Baltimore's Bryn Mawr School was founded in the 1880s, the first college-preparatory school for girls in the United States. Unlike other educational institutions at the time, the Bryn Mawr School championed intellectual equality of the sexes. Established with the goal of providing girls with an education identical to boys' in quality and compass, it endeavored to prepare girls to excel in a public sphere traditionally dominated by men.
Narrating the history of the Bryn Mawr School, Andrea Hamilton's A Vision for Girls examines the value of single-sex education, America's shifting educational philosophy, and significant changes in the role of women in American society. Hamilton reveals an institution that was both ahead of its time and a product of its time.
A Vision for Girls offers an original and engaging history of an institution that helped shape educational goals in America, shedding light on the course of American education and attitudes toward women's intellectual and professional capabilities.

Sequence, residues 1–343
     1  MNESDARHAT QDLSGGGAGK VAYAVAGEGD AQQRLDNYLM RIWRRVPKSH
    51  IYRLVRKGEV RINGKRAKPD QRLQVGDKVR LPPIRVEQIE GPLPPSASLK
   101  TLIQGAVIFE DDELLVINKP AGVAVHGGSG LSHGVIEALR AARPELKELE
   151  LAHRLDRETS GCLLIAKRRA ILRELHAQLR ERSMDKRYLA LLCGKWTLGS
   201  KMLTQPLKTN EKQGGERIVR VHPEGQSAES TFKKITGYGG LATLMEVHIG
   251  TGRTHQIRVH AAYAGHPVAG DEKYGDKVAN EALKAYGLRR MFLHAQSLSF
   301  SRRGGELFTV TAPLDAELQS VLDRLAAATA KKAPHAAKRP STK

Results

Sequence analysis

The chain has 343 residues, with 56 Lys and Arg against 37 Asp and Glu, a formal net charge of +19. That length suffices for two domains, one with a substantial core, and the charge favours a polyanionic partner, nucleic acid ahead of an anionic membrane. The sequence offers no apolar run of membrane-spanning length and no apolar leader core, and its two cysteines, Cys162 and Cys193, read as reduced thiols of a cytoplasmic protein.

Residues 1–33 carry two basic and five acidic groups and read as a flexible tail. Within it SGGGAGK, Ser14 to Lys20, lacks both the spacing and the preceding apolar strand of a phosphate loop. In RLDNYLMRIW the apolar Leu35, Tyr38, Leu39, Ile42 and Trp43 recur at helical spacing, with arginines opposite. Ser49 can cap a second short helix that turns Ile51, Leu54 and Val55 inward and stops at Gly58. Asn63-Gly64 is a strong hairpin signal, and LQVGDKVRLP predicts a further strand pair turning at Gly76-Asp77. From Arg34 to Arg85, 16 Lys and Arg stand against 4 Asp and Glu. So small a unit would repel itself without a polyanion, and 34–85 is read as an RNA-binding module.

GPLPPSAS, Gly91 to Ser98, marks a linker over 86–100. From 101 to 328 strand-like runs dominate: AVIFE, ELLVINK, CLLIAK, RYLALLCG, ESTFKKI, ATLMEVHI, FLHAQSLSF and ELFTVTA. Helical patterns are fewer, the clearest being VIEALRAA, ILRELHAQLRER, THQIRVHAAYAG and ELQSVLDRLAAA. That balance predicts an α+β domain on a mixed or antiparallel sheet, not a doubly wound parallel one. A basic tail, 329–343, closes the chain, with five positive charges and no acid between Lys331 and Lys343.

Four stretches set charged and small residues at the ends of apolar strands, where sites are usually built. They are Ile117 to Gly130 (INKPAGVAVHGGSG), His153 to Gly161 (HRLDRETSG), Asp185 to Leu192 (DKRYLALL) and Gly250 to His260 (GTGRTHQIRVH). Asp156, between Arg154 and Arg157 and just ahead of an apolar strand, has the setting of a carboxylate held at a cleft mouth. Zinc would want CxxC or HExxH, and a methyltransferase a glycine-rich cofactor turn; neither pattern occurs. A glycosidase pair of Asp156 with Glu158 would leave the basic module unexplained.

"To educate American girls and women in ways beyond the traditional has been a dangerous experiment that has challenged basic notions of female nature and has seemed to threaten the social order... One such bold venture in female education—the Bryn Mawr School of Baltimore, Maryland—is the subject of Andrea Hamilton's lively and well-researched book... In Hamilton's telling, the story of the Bryn Mawr School moves beyond its local particulars to illumine much about the history of American education and life... The importance of Hamilton's contribution is that she never loses sight of the complexity of the school and its relation to society. Her history of the Bryn Mawr School helps us understand aspects of the unique position held by American women in national social, intellectual, and cultural life."—from the Foreword by Helen Lefkowitz Horowitz
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